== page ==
The government will issue a warning when a food item is making people sick. Health Canada has food warnings at You will also learn about this from radio, television, the Internet and newspapers.

How can I keep my family safe? (see Table 1)

  • Choose safe foods for your child
    • Avoid unpasteurized milk and cheese products and fruit or vegetable juices, unless they were prepared from washed fresh fruit or vegetables just before serving. The label will say if the milk and juices that you buy are pasteurized.
    • Rinse fresh fruits and vegetables well under running tap water, especially if they are to for eating raw. Lettuce, spinach and other salad greens need careful attention. Young children should avoid eating raw or undercooked alfalfa, mung bean or other sprouts, because the seeds used for sprouting may have germs.
    • Children younger than one year of age should not eat honey. It may contain a germ that causes botulism. Botulism is an illness caused by a toxin that can grow in food that hasn’t been stored properly. It can be dangerous to infants but not to older children and adults.
  • Separate raw foods from cooked foods.
    • Store meat, poultry, fish or seafood in leak-proof containers in the fridge, so that juices don’t spill onto other foods.
    • Keep raw meats, poultry, fish and seafood away from cooked food, fresh fruits and vegetables. Wash hands, utensils, chopping boards and work surfaces carefully after handling raw meats, and before using the same items to prepare raw vegetables, salads, sandwiches or other food.
    • When barbecuing, do not place cooked meats back on the plate that held raw meats.
  • Wash your hands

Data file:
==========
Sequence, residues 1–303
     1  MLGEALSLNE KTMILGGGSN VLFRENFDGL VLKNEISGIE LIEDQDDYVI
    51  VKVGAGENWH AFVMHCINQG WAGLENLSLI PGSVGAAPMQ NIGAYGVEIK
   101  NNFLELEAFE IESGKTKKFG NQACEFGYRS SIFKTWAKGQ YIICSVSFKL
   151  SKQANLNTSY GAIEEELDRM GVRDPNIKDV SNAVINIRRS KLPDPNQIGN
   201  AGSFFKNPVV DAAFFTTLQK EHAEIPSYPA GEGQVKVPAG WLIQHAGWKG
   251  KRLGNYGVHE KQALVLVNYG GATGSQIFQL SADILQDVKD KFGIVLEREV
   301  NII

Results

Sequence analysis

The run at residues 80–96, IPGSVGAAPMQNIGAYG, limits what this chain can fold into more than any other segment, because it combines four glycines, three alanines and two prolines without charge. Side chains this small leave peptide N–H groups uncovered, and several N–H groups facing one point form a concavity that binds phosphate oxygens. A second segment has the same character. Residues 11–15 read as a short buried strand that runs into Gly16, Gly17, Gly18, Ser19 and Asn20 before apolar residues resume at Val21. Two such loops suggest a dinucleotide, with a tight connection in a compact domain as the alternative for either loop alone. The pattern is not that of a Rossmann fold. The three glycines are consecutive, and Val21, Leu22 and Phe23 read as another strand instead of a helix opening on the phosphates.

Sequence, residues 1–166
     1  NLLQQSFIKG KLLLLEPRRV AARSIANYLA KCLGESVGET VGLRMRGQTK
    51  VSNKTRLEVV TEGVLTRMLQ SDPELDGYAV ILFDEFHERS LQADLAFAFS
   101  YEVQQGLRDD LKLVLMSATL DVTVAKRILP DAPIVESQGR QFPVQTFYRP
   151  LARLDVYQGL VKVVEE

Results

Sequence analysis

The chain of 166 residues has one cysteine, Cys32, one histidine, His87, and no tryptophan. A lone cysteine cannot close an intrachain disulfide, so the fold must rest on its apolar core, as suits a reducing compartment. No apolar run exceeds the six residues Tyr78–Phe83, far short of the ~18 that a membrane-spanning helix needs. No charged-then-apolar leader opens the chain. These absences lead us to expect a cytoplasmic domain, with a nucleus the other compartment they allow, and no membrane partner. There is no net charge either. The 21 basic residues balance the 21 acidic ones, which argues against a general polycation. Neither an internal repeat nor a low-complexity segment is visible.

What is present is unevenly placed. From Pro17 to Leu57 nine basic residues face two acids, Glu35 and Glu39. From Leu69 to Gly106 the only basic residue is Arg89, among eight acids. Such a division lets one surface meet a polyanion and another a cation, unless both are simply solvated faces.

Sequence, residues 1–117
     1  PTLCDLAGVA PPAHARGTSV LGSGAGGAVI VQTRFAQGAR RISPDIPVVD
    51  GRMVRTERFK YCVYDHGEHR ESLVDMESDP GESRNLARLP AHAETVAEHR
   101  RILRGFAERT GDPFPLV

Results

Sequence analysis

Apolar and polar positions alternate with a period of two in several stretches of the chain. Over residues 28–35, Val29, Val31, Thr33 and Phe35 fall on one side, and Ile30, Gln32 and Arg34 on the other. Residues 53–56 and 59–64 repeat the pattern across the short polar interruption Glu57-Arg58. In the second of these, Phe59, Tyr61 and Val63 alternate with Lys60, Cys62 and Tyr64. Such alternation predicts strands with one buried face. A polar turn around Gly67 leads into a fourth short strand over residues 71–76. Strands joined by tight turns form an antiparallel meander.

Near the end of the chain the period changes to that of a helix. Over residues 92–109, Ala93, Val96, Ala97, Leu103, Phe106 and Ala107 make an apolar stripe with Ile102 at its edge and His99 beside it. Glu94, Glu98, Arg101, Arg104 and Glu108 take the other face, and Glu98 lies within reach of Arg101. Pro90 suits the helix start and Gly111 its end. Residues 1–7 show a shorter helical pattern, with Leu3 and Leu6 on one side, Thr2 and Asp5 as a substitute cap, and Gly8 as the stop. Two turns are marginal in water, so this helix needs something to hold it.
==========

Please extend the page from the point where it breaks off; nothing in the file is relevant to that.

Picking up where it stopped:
• Wash your hands carefully with soap and water before you prepare or handle food. Also wash hands after handling raw meat, poultry or seafood.
    • If you have to stop for any reason while you are preparing food—especially to use the toilet, change a diaper or touch a pet—wash your hands before going back to the food.
  • Cook meats--including hot dogs and sausages, and poultry, seafood and eggs—thoroughly.
    • Raw meat is often contaminated with harmful germs. Cooking meat until it is steaming hot will destroy any dangerous germs.
    • It is very important to cook ground beef and other meat patties all the way through. The meat should be brown at the center, not pink or red. The juices should be clear or brown.
    • Cook meat all the way through when barbecuing. Undercooked ground meats can cause “hamburger disease,” a serious infection that can cause damage to the intestines and the kidneys.
    • Chicken should also be well cooked, not pink or red and not raw near the bones. Undercooked chicken and eggs can cause a serious form of diarrhea.
  • Eat foods soon after they are cooked.
    • Eat cooked foods as soon as possible after they are cooked.
    • Keep hot foods hot, at 60°C (140°F) or above.